Presently, it displayed that word that is wonderfully hopeful for those MS-faced: 'Walk!'  It said in a glow of green.

Still , as I quickened my pace and rounded the corner and caught sight of that glorious word ('walk,' in case by now you have forgotten through my verbose recollection) I found that I did not want to wait at the intersection, should the pedestrian instructions suddenly change to 'don't walk.' At this thought, I sprinted, not even sure that I had the energy in me, but more certain that I could not tolerate the delay at the post.  And then, as surely as I had decided to bolt for the opportunity to cross, the sign changed.  Indeed, I thought I could still make it and would!  Some delay always accompanied the timer once the 'don't walk' displayed.  And I was fast! Afterall, I was a runner now.  Had I not just run an eleven minute mile for my third mile?  I had.  I could make this light, or I would die trying.

I realized that that latter was more the reality once I saw the waiting autos lurching at the pole position, grinding their gears to get going with more impatience than I.  So there I came to a most abrupt stop at the curb.  However, by the momentum of my pace--fast like a cat, I assure you-- the body of me went beyond my planted feet and I crumpled over the curb and grabbed the pole to keep from falling.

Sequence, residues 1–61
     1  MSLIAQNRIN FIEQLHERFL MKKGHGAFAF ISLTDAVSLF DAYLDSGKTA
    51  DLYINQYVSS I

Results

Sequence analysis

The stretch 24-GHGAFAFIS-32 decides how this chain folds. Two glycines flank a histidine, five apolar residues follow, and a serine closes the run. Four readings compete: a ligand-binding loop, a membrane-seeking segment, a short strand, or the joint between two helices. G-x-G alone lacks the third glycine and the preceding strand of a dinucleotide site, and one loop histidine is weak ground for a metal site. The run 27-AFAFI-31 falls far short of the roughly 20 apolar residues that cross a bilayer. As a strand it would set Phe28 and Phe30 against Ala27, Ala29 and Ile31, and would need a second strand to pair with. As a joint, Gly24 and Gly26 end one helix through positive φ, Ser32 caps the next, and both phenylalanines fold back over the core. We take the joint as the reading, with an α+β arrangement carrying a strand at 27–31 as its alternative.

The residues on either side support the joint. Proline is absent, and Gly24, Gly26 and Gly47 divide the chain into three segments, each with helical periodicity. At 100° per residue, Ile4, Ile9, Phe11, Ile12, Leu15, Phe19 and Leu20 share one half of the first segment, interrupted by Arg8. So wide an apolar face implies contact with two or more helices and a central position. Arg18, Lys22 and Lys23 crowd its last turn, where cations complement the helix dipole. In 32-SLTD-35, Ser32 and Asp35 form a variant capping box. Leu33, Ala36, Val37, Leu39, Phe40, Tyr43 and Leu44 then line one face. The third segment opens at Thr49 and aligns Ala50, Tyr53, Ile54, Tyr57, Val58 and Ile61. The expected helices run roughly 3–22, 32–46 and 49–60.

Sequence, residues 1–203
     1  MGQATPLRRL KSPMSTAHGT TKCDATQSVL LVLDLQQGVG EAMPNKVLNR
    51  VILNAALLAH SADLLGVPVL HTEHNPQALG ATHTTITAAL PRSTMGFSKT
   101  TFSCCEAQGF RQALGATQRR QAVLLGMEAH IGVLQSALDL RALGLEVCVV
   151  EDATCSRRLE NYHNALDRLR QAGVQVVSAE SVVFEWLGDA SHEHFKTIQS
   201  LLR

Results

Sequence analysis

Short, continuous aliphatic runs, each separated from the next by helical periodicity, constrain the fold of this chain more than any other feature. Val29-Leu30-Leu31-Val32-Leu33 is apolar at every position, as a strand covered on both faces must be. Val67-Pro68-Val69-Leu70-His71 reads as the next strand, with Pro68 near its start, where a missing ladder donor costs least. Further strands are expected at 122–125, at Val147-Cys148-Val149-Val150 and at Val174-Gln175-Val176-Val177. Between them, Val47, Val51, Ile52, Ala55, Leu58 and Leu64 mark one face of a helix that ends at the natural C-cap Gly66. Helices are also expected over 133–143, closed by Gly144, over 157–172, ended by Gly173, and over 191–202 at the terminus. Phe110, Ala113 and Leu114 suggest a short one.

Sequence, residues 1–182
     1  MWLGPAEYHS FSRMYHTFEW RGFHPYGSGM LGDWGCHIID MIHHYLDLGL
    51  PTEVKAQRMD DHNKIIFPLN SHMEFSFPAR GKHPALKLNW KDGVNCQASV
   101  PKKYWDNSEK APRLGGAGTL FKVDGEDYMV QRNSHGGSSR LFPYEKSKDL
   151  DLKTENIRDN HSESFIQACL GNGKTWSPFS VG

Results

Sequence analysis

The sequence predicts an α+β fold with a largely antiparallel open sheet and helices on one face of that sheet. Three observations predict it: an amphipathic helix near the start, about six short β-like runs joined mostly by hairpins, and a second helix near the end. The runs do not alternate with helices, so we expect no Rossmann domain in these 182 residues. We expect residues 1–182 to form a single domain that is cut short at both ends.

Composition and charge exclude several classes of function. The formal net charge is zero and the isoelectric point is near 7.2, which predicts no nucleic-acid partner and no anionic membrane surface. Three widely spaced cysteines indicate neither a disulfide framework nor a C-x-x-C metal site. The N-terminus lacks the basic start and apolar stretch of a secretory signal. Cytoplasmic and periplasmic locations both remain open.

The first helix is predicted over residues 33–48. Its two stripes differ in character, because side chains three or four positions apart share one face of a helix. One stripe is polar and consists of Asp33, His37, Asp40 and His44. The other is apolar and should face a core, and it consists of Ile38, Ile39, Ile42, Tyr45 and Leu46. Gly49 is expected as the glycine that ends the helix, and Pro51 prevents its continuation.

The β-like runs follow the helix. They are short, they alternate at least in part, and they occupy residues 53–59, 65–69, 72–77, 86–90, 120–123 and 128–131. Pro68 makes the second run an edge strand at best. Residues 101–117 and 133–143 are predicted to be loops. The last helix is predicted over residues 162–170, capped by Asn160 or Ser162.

Let me spare you the description of the sound my ankle made from inside of my body when it snapped beneath my weight.  I will likewise forgo the myriad of colors that developed there at once on my bent foot and leg.  Did I break it though?  No.  What I did, though, was sprain it in a fairly convincing manner.  The evidence that Urgent Care produced was two ligaments and a muscle torn, with a small bone fragment pulled from my foot.

I feel that if I colored in the irony here I would cheat you, if you have bothered to read thus far.  Let it suffice to say that I have continued to run, comitted to this thing.  The MS has not stopped me, as you know.  The ankle, though badly injured temporarily, only slowed me.  Let us see where the next 30 days will take me. 

This is the last month of our training and I am 100% again.

I think it is still in me.

Wednesday, March 16, 2011

Why I Run

I can't remember which mountain climber said "because it is there."  Mallory?  Hillary?  The amazing thing about the Internet(s) is that I could look it up.  Nah, I am lazy.  Speaking of lazy, I copy/pasted this from my old blog...but it feels more authentic today, now with my bruised toenail and my sore calves as I train for the half marathon.  Anyway, it was worth saying again (even if all I did was plagiarize myself from an earlier time).

Why I Run - Because I (Still) Can

The air is still and crisp with a bite that does not so much nip but rather gnaws at my ears. I have stretched my legs, arms, back, and am ready to run 3 miles. I plug in my headset: waves of something in the way stir my feet, a slow rhythm that pulls me to move gradually forward, a mere trot in the beginning.